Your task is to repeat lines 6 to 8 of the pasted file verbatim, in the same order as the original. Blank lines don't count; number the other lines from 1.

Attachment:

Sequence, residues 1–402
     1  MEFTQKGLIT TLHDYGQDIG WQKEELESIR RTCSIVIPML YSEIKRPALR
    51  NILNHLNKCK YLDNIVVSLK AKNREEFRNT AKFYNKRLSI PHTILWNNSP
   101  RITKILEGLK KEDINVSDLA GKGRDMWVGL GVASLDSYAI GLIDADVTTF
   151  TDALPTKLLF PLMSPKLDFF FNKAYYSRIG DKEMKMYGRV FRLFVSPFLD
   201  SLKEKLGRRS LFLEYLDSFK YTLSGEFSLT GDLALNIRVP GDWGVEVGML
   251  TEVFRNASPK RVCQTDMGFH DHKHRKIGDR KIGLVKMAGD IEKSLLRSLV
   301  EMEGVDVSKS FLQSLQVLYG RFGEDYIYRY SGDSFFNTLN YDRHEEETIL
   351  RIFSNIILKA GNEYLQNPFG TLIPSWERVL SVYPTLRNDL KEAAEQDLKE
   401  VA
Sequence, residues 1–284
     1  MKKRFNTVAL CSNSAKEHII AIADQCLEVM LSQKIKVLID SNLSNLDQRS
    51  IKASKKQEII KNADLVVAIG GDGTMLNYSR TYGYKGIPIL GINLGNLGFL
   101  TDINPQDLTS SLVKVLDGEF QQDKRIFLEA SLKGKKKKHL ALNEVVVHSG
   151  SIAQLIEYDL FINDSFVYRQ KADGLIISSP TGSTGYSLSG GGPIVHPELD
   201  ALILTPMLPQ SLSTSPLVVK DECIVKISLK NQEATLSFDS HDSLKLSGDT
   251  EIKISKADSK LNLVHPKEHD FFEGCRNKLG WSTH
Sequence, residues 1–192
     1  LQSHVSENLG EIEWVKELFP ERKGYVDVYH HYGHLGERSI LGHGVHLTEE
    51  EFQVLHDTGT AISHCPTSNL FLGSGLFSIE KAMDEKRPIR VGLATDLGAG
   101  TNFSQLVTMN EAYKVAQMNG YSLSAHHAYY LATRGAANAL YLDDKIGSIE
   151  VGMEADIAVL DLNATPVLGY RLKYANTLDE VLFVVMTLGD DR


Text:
   201  SLKEKLGRRS LFLEYLDSFK YTLSGEFSLT GDLALNIRVP GDWGVEVGML
   251  TEVFRNASPK RVCQTDMGFH DHKHRKIGDR KIGLVKMAGD IEKSLLRSLV
   301  EMEGVDVSKS FLQSLQVLYG RFGEDYIYRY SGDSFFNTLN YDRHEEETIL